The Role of Genetic and Environmental Factors in Gout
It’s well known that gouty arthritis (gout) is the most common inflammatory arthritis in the US and in several other countries. Researchers also know that some rare forms of gout are genetic; however, it’s not exactly clear what the relative importance of genetic factors is on the risk for lifetime prevalence of gout.
To investigate this more deeply, researchers performed a heritability analysis for gout and hyperuricemia. They used participants from the National Heart, Lung, and Blood Institute twin study—a prospective observational cohort study.
The results of their findings appeared online in late February 2012 in the article “Nature versus nurture in gout: a twin study.” The article will appear in an upcoming issue of The American Journal of Medicine.
A total of 514 unselected, all-male twin pairs were involved in the study, which included 253 monozygotic (MZ) and 261 dizygotic (DZ) twin pairs.
At baseline, the twins were 48 (±3) years old. Researchers followed them for an average of 34 years.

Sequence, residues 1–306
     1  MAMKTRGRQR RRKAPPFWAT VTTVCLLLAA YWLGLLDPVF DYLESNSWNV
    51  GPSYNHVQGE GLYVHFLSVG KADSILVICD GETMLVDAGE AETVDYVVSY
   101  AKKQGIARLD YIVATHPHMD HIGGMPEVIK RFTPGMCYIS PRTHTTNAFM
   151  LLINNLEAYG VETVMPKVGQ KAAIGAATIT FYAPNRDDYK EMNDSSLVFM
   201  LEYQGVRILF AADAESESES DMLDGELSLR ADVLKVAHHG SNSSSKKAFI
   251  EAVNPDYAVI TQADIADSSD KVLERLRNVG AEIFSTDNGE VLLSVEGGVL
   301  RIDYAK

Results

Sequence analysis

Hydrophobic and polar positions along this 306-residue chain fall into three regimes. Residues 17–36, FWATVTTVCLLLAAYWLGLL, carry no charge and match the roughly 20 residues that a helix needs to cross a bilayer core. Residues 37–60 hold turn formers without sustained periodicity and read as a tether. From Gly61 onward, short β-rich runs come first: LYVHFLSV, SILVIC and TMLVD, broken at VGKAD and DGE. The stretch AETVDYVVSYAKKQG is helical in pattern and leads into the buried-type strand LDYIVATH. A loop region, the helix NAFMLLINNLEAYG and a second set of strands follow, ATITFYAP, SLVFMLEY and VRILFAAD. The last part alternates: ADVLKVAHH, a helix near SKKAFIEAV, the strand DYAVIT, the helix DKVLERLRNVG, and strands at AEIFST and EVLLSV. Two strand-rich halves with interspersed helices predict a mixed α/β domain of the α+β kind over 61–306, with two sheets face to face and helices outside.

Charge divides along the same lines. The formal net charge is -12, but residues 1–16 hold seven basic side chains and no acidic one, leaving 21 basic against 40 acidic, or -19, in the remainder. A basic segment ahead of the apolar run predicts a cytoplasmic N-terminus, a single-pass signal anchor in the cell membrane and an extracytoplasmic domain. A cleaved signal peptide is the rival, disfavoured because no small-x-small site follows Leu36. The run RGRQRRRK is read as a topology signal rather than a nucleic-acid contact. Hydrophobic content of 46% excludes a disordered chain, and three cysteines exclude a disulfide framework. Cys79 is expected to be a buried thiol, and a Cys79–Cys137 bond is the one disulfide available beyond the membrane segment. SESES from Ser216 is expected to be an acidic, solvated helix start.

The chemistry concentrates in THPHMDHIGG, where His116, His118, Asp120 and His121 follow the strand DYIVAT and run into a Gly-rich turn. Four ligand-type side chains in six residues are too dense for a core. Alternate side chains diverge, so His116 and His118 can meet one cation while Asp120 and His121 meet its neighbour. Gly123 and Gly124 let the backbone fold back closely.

The research team performed statistical analyses, and they used structural equation models and maximum likelihood methods to do this.
They also used co-variates for adjustment in the structural equation models. Co-variates were identified using bi-variate logistic regressions.
After performing these analyses, researchers found that the lifetime prevalence of gout did not differ between the MZ and DZ twins. They also noted that concordance of hyperuricemia was 53% in MZ and 24% in DZ twin pairs (p<.001).
They used models to quantify the relative contribution of both genetic and environmental factors on phenotypic variance. These models showed that individual variability in gout was substantially influenced by environmental factors the co-twins shared—not by genetic factors. On the other hand, the individual differences in hyperuricemia were influenced significantly by genetic factors.
Researchers concluded that hyperuricemia is genetic. However, risk for gout is determined by a patient’s environment—excluding the context of rare genetic disorders. They suggest that their findings have implications for both the prevention and treatment of gout.